One of the design objectives was to make the hood as long as possible, allowing nothing to visually interfere with the unbroken sweep from radiator to windshield. Typical cowl vents would have marred the effect and so vents were slotted in under the hood, opening into the cowl area to supply fresh air to the cockpit. A fool-proof system assured that the vents aligned with the hood opening mechanism to prevent damage. As a further example of attention to detail, the jack is mounted securely to the steering box. A handy wrench is attached to the fuel pump. Even the headlamps are a work of art, with diffuser lines worked into the silver-plated bowls. However it seems likely that they succeeded in designing a car equally impressive with the top up as well as down.
Inevitably not everything is what it seems in a restoration of this kind. For example when RM’s craftsmen began they first examined a photo from the Paris show which made it apparent that the body chrome mouldings were originally concave in shape. Yet the current mouldings were convex. As the crew disassembled the car, they noted that the structural wood below the surface of the steel skin actually had cutouts and grooves placed by the coachbuilder to fit concave mouldings. RM removed several fill-in wood pieces and repaired the steel door skins to allow sufficient room, then accurately reworked the mouldings.
Patterson’s Delage D8S has now been returned to its original white colour scheme though the finish is extraordinary, even for a renowned classic. The frame is white. The brake drums, seen through the jewel-like wire wheels, are white. The four-spoke steering wheel is white. The instruments on the chrome-trimmed dashboard are white-faced. In daylight the colour offers a perfect foundation for the designer’s sculptural forms. At night it takes on a glow that’s both romantic and enticing, something you might see parked next to a moonlit Cannes marina: The ultimate in understated elegance.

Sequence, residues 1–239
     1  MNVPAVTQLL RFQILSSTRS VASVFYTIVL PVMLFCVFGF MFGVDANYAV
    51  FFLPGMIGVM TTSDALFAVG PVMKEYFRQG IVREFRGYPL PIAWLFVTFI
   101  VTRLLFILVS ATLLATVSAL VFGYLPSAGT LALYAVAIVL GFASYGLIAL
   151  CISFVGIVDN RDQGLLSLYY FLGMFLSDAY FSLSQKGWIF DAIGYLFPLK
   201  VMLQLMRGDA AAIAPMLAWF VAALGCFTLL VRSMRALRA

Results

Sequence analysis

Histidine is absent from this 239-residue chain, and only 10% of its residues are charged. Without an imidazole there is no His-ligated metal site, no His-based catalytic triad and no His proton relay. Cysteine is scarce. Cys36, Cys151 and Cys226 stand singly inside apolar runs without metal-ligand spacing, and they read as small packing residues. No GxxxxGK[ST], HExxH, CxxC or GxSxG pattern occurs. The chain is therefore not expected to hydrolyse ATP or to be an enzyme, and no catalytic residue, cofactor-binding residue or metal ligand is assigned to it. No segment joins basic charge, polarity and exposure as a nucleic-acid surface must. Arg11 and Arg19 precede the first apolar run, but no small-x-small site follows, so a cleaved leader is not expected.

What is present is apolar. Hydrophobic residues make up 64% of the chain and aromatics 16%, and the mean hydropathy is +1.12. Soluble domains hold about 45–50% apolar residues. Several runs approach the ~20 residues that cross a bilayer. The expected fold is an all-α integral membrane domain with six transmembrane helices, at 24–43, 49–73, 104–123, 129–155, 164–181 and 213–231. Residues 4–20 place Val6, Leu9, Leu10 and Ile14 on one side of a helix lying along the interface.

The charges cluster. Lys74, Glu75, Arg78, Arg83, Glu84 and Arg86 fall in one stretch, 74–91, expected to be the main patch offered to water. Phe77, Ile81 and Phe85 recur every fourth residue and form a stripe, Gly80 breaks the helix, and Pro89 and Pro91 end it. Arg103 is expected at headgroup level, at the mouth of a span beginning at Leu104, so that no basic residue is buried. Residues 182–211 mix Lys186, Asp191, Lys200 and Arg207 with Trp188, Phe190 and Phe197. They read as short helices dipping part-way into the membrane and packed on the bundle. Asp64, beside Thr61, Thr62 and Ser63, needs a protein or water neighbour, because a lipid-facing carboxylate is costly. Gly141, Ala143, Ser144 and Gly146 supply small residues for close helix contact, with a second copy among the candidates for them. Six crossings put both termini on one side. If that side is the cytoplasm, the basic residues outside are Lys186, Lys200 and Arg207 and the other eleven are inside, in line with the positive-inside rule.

The one-off 1933 Delage D8S Roadster with coachwork by DeVillars will make its post-restoration debut at the Pebble Beach Concours d’Elegance, held Sunday, August 15th, 2010 at the Pebble Beach Golf Links in California.
Author Philip Powell is host of Marque1.com…classic cars and more.
August 15, 2010 Update: The Patterson Collection’s 1933 Delage D8S Roadster with coachwork by DeVillars was awarded Best of Show at the Pebble Beach Concours d’Elegance 2010. (See Pebble Beach Concours Best of Show).
[Source: Philip Powell; photo credit: Darin Schnabel courtesy of RM Auctions]